My column in Time magazine:
It's been just seven weeks since President Zine el Abidine Ben Ali fled Tunisia, and just over three weeks since Hosni Mubarak was unceremoniously dumped from the presidency by the Egyptian military — but both countries have already unseated their interim prime ministers. Egypt's Ahmed Shafiq on Wednesday followed last week's decision by Tunisia's Mohammed Ghannouchi to step down, heeding the will of those who had taken to the streets to oust the autocrats who had appointed them. The two countries have chosen different models for their transition to democracy: Tunisia has a civilian government supported by the military; in Egypt, a Supreme Council of the Armed Forces has taken charge and has suspended the constitution. But in both countries, the interim rulers face a crisis of legitimacy, with controversy surrounding some of the personalities now in charge and their transition plans contested by many of the same forces that took to the streets to demand political change. And at the same time, they must deal with the mountain of problems left behind by the dictators, from corruption and cronyism to collapsing state authority and anemic economic performance.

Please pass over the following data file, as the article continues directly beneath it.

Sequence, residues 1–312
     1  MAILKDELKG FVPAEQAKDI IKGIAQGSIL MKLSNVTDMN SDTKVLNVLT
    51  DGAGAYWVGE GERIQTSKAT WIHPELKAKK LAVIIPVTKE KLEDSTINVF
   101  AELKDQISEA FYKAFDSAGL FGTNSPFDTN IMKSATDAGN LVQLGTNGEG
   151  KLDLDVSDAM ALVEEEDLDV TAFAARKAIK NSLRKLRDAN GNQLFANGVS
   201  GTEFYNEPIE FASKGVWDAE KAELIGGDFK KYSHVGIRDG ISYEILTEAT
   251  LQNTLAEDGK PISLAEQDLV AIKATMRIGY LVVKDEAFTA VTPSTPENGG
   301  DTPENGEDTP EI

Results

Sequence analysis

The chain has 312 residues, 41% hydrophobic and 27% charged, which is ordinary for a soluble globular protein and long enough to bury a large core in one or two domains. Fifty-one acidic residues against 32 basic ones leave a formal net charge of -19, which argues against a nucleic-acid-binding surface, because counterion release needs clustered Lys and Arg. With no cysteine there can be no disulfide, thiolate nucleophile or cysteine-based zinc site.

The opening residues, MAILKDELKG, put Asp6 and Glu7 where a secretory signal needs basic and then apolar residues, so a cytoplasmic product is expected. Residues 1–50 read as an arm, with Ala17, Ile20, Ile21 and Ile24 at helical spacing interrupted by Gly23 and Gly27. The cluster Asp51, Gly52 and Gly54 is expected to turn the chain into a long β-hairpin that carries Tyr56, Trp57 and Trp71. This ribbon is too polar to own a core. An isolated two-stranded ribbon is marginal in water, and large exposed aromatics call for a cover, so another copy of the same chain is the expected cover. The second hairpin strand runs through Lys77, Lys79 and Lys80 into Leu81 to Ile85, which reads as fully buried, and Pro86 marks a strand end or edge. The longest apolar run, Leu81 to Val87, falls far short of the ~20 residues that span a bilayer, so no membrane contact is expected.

I suggest there are four key issues to bear in mind:
- Winning the confidence of the street
- The media matters
- Islamists stand to gain, but so does the left
- There needs to be a balance between justice and economic recovery
Read the whole thing here.